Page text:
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Backlash

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Scott had started it. Scott always does.

Somewhere around third grade, at just about the point that people had begun to notice Gordon for good or for ill, Scott had dragged him off to some flooded old mine basin somewhere, chucked his spindley little body straight in and said,

C’mon then, fish kid. Show me what you got.

It’s a weird memory. Most of Gordon’s are, really, when you think about it. He recalls the instant of terror as he’d hung in midair, the delighted howls of the gang of teenagers smoking at the water’s edge, the immediate, glorious peace of entry and the icy, violent cold.

He remembers the scrapes left on his knees after a pale-faced Scott had dragged him out over the sharp rocks, and how he’d held him, all dripping and shivery, by the wrist as their mother’s car had screeched to a dusty halt, the teenagers bolting into hiding as an actual adult had thrown open the car door and screamed at Scott.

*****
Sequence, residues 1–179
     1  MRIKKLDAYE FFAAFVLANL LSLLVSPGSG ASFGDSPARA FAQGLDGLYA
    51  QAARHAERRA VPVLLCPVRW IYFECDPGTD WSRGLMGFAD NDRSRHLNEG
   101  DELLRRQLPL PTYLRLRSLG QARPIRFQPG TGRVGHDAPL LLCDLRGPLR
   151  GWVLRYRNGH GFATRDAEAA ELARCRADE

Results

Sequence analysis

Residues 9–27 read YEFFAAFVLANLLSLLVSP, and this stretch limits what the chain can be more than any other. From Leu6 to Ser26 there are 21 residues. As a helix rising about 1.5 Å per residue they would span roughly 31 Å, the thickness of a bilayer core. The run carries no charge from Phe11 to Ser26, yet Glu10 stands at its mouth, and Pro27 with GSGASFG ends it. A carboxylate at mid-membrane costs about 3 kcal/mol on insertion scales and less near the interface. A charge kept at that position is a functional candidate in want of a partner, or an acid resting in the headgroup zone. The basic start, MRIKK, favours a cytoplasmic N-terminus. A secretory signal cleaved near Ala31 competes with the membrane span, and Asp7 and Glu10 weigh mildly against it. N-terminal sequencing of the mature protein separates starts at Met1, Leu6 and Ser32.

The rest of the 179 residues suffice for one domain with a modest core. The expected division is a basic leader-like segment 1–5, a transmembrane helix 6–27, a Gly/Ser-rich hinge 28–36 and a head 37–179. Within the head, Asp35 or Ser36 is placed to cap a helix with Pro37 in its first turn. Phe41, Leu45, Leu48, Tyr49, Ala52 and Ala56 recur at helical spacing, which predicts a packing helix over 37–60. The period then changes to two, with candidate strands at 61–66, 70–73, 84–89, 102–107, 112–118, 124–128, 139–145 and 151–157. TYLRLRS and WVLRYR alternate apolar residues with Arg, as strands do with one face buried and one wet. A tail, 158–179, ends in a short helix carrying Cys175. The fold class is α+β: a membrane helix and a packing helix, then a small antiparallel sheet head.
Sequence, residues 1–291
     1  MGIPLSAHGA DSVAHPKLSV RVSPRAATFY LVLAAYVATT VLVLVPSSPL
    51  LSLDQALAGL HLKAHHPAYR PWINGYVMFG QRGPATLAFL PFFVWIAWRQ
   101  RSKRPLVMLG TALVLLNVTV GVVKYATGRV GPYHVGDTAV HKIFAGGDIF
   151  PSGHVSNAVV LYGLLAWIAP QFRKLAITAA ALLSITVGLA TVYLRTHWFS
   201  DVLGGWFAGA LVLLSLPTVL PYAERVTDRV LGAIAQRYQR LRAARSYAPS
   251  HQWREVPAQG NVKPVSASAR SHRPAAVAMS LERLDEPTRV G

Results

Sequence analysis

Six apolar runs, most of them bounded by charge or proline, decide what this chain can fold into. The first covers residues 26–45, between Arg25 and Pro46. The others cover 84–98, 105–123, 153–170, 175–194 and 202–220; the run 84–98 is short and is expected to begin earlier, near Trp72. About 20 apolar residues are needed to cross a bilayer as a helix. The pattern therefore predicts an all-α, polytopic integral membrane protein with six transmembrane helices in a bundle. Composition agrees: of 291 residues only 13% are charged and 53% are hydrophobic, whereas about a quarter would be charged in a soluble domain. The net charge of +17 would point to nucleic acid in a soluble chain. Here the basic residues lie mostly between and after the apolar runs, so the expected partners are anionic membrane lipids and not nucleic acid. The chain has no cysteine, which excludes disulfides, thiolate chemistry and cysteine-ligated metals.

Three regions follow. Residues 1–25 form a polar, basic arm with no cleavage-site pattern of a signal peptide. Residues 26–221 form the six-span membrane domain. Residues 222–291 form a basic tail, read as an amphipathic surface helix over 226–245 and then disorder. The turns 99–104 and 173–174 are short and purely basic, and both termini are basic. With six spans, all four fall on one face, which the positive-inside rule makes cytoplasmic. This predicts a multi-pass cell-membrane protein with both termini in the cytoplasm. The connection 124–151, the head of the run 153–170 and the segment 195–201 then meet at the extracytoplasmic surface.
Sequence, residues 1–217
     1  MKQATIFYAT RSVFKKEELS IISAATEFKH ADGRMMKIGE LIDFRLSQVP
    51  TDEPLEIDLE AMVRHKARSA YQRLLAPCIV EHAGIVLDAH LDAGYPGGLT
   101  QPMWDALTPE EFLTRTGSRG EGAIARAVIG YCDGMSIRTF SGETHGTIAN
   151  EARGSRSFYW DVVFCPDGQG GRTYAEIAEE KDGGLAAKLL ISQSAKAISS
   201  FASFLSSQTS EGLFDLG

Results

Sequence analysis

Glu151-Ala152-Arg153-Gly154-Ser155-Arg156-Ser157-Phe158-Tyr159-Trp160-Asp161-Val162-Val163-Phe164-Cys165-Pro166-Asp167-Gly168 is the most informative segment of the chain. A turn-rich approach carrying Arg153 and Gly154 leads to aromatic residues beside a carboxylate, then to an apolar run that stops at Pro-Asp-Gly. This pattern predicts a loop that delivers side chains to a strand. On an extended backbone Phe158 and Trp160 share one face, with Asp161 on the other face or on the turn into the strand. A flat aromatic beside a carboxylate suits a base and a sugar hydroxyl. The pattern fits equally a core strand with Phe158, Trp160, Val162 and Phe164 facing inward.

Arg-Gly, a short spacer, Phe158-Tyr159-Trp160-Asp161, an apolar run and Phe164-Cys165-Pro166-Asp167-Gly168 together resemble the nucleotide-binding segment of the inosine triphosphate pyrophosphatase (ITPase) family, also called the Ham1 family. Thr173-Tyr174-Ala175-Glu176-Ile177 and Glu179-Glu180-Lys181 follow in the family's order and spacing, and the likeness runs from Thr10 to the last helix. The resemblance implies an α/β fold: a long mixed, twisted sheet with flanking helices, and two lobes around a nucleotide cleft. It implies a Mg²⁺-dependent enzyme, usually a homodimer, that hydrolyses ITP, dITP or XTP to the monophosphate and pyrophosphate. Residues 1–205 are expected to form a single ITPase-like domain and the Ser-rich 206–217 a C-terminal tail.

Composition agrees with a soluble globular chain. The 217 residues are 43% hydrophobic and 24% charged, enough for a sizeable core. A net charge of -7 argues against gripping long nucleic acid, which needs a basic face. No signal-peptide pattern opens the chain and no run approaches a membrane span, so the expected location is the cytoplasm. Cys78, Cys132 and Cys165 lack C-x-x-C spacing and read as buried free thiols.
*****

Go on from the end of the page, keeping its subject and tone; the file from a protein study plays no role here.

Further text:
He remembers her face, puce with fury, little Alan tucked tight to her hip with his thumb in his mouth and --

Fish kid.

Mainly, he remembers how much he’d liked that. Something for himself, something all his own, and bestowed on him from on high by the biggest of big brothers -- wow. It’d had been seriously -- wow.

He just -- he’d kinda hoped he might grow up to be something a bit cooler than a minnow , that’s all.

Four creaks and shudders around him, the pressure out here far, far more intense than anywhere but the very deepest depths she’s designed to take, and his fingers twitch to seize back control of her, to swim , but he can’t, and she can’t, and he reckons --

Gordon? Are you listening?”

It doesn’t matter what he reckons.

“Yeah, yeah I’m here,” he says, as though he could be anywhere else, “what’s the ETA on the big ol’ tuna fish anyway?”

Virgil scoffs, loud enough that Gordon can only imagine he’s got his face practically pressed up against the comm. “Tuna fish? We’re working with sharks here, Gordon.